Weather radar super resolution with deep learning



Hardin, Joseph Clinton — Pacific Northwest National Laboratory

Area of research

Cloud Distributions/Characterizations

Journal Reference

Geiss A and J Hardin. 2020. "Radar Super Resolution Using a Deep Convolutional Neural Network." Journal of Atmospheric and Oceanic Technology, 37(12), 10.1175/JTECH-D-20-0074.1.


Operational constraints limit the quality of weather radar data; this is a problem when scientists need to compare the data to higher-resolution data sets or need higher resolution to display/3D reconstruction. This work demonstrates that using machine learning-based deep convolutional neural networks can enhance the resolution of already captured weather radar data. These convolutional neural networks, inspired by human visual processing, function by learning to incorporate small- and large-scale features through a series of multi-scale filters. Researchers artificially degraded radar data and taught a neural network to restore the original high-resolution data. The deep-learning approach performed substantially better than conventional methods in both the accuracy and image quality of the results. The technique has broad applications in weather radar operations and research.


This work has many applications—from direct radar operations to research. It allows for faster and coarser radar scanning without loss of data quality as well as better and easier comparisons to high-resolution model and instrument data, and can potentially combat reduction in data quality due to radar beam spread. Additionally, it allows for better 3D visualizations of weather radar data. This study lays out a basis for a super-resolution technique that could potentially be applied to a wide variety of instrumentation and weather or climate model data.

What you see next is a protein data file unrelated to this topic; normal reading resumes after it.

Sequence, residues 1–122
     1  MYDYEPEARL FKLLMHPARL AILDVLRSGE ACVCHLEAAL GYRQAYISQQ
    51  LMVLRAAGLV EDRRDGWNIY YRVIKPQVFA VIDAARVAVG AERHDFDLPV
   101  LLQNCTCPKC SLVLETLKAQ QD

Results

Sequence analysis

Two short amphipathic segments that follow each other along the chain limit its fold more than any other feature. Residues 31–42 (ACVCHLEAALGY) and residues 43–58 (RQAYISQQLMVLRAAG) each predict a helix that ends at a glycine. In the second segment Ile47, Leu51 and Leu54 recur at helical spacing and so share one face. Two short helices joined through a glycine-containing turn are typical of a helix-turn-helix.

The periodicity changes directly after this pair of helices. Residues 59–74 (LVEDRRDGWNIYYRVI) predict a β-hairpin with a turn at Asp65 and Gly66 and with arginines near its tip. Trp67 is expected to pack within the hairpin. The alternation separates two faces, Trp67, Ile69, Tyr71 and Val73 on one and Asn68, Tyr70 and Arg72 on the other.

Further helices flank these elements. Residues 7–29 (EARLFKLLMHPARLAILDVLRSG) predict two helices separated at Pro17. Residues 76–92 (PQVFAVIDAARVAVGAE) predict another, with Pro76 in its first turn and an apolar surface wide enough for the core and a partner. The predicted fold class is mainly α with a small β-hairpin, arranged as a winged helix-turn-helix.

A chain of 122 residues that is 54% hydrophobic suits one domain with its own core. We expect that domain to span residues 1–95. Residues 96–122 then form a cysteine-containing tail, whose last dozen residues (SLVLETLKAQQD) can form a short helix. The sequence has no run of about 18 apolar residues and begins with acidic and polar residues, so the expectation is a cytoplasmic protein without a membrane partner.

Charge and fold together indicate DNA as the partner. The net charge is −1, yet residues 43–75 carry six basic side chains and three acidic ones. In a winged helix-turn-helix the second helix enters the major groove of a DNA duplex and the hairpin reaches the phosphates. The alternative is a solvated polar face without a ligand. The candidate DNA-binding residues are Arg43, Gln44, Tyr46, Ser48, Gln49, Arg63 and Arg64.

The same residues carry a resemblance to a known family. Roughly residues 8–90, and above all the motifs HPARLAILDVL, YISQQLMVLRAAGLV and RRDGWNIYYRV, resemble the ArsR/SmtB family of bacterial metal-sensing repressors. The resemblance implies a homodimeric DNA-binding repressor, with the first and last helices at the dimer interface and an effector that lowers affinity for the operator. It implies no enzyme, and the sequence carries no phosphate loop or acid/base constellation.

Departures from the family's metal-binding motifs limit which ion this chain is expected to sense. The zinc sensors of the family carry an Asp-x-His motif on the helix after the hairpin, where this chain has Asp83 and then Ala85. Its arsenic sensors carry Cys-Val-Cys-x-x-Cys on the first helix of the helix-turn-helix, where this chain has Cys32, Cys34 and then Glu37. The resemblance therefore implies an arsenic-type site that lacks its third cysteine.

The field of super resolution involves using mathematical techniques, including deep machine learning, to increase the resolution of gridded data beyond their measured resolution. Scientists typically do this via traditional interpolation methods, which estimate pixel values from nearby data by simply performing the same calculation everywhere without incorporating larger-scale contextual information, or by combining a network of radars with overlapping fields of view. Recently, significant progress has been made using convolutional neural networks for single-image super resolution, bypassing the need for multiple overlapping images. Conceptually, a neural network learns the relationships between large-scale cloud features and their associated sub-pixel-scale image variability to outperform previous interpolation schemes. Researchers used a deep convolutional neural network to artificially enhance the resolution of weather radar scans. They trained the model on six months of reflectivity observations from the Langley Hill, Washington radar (KLGX), and found that, based on objective error and perceptual quality metrics, the neural network substantially outperforms common interpolation schemes for 4× and 8× resolution increases. This new technique is particularly adept at resolving the small-scale features and storm edges that traditionally challenge interpolation techniques to recover.